But the opportunity to correct mistakes quickly is a welcome change. Just don’t get too excited: you won’t be able to amend returns for multiple years just yet. Only tax year 2019 Forms 1040 and 1040-SR returns can be amended electronically when the program opens. Additions will be added in the future.

” Adding amended returns to the electronic family also complements our partnership with the tax software industry, which continues to work with us to provide better ways to help taxpayers,” said Ken Corbin, Commissioner of the IRS Wage and Investment division.

Of course, you can always opt to file your amended return by paper, but why would you want to? According to the IRS, filing electronically means that returns can be processed faster (true in my experience) while minimizing errors generally associated with manually completing the form (arguably true, if you remember to consider user input issues).

Despite the lag times in processing, the rules haven’t changed: if you choose to file an amended return (by paper or electronically), the regular statute of limitations rules apply. That means that filing an amended return does not extend the statute of limitations, or extend the time to pay.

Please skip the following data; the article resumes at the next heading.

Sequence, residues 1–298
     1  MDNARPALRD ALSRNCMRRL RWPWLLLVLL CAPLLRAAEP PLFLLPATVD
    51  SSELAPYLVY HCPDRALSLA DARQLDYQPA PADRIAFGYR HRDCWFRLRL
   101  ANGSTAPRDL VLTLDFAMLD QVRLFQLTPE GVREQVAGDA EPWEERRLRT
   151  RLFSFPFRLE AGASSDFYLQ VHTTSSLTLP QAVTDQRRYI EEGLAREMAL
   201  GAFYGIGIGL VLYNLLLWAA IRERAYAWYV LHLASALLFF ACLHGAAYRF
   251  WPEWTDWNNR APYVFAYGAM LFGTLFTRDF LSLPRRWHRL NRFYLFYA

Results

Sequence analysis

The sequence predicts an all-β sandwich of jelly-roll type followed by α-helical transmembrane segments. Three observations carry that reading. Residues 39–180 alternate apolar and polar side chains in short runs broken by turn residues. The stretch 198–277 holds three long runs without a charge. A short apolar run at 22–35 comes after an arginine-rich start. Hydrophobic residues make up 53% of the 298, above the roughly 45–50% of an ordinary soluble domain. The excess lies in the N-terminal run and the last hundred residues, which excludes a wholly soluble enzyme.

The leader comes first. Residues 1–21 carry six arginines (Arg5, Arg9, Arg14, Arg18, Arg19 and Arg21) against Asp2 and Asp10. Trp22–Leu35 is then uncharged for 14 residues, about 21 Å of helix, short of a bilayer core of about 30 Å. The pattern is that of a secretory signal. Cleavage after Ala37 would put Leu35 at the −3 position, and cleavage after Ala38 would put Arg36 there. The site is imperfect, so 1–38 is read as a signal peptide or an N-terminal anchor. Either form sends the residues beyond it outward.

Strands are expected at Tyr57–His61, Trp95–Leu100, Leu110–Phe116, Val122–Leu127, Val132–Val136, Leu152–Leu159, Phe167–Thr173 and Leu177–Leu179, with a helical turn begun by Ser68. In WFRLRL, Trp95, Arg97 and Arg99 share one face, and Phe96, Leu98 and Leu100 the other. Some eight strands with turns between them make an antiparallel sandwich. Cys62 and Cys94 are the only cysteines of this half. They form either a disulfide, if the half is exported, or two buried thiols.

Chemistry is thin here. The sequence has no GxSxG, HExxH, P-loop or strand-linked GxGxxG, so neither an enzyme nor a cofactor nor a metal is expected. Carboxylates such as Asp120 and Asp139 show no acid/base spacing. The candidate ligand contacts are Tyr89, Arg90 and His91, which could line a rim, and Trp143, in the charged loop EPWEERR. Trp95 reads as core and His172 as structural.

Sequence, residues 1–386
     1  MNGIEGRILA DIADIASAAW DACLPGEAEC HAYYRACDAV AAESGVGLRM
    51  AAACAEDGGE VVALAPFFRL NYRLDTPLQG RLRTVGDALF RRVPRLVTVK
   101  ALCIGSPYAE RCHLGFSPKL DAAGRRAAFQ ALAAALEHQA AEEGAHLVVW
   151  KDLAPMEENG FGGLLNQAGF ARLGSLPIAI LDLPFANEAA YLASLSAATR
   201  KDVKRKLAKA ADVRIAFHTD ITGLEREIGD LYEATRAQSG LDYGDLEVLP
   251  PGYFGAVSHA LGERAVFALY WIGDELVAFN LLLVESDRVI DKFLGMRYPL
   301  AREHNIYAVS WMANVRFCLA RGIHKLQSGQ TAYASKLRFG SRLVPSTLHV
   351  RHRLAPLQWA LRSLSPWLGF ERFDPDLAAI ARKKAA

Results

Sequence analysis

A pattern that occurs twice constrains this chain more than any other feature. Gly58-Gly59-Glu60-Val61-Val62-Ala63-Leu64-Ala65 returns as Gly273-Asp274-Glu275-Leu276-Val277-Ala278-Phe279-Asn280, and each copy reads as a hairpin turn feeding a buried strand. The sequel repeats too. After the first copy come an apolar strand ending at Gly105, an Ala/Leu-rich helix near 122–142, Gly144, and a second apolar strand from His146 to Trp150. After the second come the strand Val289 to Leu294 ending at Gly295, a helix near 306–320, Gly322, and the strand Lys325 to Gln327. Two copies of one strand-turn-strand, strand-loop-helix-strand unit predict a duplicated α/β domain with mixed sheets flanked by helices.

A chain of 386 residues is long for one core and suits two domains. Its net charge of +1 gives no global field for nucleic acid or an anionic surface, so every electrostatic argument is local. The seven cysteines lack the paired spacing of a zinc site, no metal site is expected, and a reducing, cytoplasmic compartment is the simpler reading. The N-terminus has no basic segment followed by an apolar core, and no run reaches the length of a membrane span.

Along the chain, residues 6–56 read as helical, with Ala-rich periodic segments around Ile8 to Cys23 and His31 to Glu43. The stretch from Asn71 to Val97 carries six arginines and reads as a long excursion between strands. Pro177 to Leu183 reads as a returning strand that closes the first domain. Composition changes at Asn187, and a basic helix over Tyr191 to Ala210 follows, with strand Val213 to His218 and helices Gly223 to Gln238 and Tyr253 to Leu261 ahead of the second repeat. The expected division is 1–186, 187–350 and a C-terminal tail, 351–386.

If you electronically file Form 1040-X, you can still use the “Where’s My Amended Return?” online tool to check the status. You’ll need to provide your Tax ID number, your date of birth and your zip code.

(One quick sidebar: You may be used to seeing the amended return referred to as Form 1040X. I’m not just dash-happy: as of January 2020, the IRS advised that Form 1040X will be called Form 1040-X.)

First things first: as of today, the 2019 tax filing season deadline remains July 15, 2020. 

I just wanted to get that out of the way since there are so many headlines suggesting that there’s a change on the way. As of today, nothing has changed. 

Here’s where we stand. On March 20, 2020, the IRS officially confirmed – and issued guidance – making clear that the due date for filing tax returns and making tax payments has been extended from April 15 to July 15. You can read the guidance here (downloads as a PDF).